The Baby Boomer generation is increasingly moving into retirement age, and the urge to downsize is strong. However, this is creating an interesting and growing problem: no one wants their stuff.
Traditionally, a person would be likely to keep the majority of their belongings as they aged, then move to a smaller home or living facility, but most of their belongings would still be present. Prior to the Baby Boomer generation, the Silent Generation (born circa 1925-1945) and the G.I. Generation (c. 1900-1924) didn’t accumulate as many material belongings. Few had to question what they would do with their parents’ things, because there were so few by the time of their passing that it was easy to disseminate to children, grandchildren, other family members, or charities.
Now, however, Baby Boomers are finding that it’s difficult to dispose of some of their material belongings. Some in the Gen X and Millennial groups have already been faced with the unfortunate task of administering a parent’s estate and disposing of assets, including physical property. What they have been faced with has included disposing of large, heavy antiques; china sets; tchotchkes; collectibles; or outdated furniture.
The problem is that the Baby Boomer generation is very large, and the sudden influx of items into the donation bins of local charities has created a classic supply-and-demand problem. There’s much greater supply of certain items than there is demand. Some charities, consignment stores, and auction houses have even begun turning away specific things because the items don’t sell. Antique furniture in particular is a common problem facing Boomers – their children and grandchildren tend to be much more mobile and place less importance on the material status objects that Boomers so coveted. The antiques are rejected by younger family.
What, then, should an older adult do? Rather than leave it all until the very end for your children or grandchildren to deal with, you can begin taking steps to address your items earlier. During the downsizing process, you can speak with professionals who can advise you on the best way to move along some of your belongings.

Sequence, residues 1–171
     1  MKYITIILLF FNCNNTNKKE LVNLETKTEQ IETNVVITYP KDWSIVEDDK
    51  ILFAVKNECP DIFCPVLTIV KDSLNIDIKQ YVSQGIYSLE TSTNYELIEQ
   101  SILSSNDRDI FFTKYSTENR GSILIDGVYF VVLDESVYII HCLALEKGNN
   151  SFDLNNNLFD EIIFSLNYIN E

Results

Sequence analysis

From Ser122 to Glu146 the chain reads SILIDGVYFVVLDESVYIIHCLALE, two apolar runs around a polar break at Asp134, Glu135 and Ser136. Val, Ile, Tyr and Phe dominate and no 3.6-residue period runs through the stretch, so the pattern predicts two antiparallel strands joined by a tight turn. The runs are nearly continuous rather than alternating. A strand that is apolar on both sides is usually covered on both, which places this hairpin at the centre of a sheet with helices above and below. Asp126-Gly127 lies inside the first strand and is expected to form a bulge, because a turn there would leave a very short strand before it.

Some items may fit best in a consignment store – typically clothing, fashion accessories, maybe some art or small furniture, books, office equipment, etc. Others may be more suitable for an auction house. The appeal of an auction house is that the auction will be able to reach a wider market, and a piece of furniture that is less appealing in your current location may be very valuable in a different state. Also, you could try to sell some of your things online through yard sale groups, eBay, and other online sales portals. Keep in mind, however, that prices in these groups tend to be much lower than what you could command through an auction or consignment, and you have to do all the work yourself. Finally, there’s the option to donate, which could grant you a tax write-off, but keep in mind that some of your items may be rejected.
Addressing the clutter of items early on is a boon for everyone. You gain more useable space in your living area, and perhaps even an influx of cash that may help if you’re on a fixed or limited income. You also take some of the burden off your beneficiaries, who would be faced with similar questions of what to do but also perhaps increased guilt at letting Dad’s beloved solid wood table go to auction because they just can’t fit it into their townhome, or giving away Grandma’s favorite books because there’s no room to store them.
As always, feel free to reach out to professionals in your area for advice. Many will offer a free consultation, so you can meet them and choose someone you’re comfortable with to offer advice on how to downsize or reduce your clutter.